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Why the US employment picture is much grimmer than it looks

Markets have got very excited over talk that the credit crunch could be over, and better than expected US jobs data. But take a closer look, and the reality is quite different…

Markets got very excited towards the end of last week.

There was all that loose talk about the credit crunch being over for starters. This was compounded by some better-than-expected US economic data.

Apparently, the US economy grew by 0.6% year-on-year in the first three months of 2008. It's not great, but it's not a recession. Meanwhile, jobs data on Friday showed that there were just 20,000 job losses in April, against expectations for a 65,000 fall.

So has everything been blown out of proportion? Was the credit crunch really just a storm in a teacup?

It'd be nice to think so. But let's take a closer look at those figures...

Why we shouldn't rely on GDP figures

I don't tend to pay much attention to GDP figures when they come out. And there's a good reason for that. They're not really worth the paper they're printed on.

Both here and in the US, GDP figures are subject to substantial revisions, long after (we're talking years) they have first been published.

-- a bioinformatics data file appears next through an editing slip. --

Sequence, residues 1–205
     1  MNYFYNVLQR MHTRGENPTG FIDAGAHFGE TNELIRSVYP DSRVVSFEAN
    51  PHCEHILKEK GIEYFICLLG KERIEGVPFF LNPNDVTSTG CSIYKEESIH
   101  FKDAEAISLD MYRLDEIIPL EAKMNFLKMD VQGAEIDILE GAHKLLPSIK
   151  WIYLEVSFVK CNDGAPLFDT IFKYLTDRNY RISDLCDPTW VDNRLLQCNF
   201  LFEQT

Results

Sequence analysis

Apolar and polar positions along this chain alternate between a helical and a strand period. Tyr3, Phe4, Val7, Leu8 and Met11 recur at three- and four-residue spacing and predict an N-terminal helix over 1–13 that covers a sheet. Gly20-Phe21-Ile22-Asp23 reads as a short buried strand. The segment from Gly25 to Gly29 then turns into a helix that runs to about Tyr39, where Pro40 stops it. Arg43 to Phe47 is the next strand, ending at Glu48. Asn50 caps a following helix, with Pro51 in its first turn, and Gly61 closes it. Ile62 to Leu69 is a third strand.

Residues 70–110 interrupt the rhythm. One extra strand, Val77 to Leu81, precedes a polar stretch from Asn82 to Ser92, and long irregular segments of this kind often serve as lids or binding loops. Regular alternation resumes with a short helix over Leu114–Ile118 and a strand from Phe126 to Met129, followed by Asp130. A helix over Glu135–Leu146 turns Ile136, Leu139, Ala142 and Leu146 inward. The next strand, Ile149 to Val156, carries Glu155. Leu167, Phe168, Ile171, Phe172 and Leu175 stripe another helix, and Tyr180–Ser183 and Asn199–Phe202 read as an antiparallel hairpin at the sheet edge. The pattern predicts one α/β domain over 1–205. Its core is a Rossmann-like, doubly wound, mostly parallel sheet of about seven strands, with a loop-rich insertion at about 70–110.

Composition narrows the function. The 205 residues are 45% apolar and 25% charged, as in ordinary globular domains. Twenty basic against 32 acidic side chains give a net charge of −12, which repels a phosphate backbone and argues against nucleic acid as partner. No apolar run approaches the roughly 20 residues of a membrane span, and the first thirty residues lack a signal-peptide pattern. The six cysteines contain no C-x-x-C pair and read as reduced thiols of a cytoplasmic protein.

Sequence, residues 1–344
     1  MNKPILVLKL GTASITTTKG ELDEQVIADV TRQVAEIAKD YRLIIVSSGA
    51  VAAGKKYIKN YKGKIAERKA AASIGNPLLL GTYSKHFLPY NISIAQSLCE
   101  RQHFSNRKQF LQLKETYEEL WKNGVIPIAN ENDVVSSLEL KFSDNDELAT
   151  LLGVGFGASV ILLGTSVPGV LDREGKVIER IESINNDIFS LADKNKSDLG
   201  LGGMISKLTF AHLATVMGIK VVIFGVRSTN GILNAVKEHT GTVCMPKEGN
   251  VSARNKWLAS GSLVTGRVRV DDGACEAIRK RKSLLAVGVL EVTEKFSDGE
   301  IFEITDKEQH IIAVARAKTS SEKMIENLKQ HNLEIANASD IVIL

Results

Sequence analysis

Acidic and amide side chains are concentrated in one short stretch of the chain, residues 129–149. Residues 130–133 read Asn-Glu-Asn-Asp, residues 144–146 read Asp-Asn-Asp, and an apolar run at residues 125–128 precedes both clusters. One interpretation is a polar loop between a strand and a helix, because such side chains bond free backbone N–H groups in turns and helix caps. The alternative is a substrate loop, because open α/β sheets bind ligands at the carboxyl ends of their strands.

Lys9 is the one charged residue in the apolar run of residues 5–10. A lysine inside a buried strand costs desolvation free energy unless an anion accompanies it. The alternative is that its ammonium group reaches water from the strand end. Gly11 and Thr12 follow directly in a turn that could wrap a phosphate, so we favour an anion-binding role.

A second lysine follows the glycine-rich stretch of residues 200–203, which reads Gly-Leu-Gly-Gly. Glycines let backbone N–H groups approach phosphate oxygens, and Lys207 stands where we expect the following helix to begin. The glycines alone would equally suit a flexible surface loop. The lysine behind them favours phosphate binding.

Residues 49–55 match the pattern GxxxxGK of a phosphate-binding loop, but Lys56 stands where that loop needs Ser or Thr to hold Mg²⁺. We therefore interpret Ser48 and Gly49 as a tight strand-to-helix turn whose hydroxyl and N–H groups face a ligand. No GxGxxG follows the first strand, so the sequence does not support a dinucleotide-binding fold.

So while the estimate of 0.6% growth for the US in the first quarter of this year might look fine just now, as US fund manager John Mauldin puts it, "my bet is that the numbers for GDP will be revised down when the economy is well on the way to recovery That is what happened when we found out a few years later that the last recession started in the third quarter of 2000. The initial numbers were positive."

Another interesting point that Mauldin makes is that the inflation figure used to calculate the GDP figure is very forgiving. The US Government department calculating the GDP figure reckons that inflation was 2.6% during the first quarter. With nominal growth at 3.2%, that gives the real' GDP figure of 0.6%.

But if you take the official headline' measure of inflation, which came in at more than 4.1% during the first quarter, then real' GDP growth would quite clearly be negative.

It's not to say that this is all a massive conspiracy to keep people in the dark about the true state of the economy. But clearly there's an incentive for governments any government to present the most forgiving figures they can. And that's bound to have some effect on how the figures are put together.

US jobs data deserves a closer look too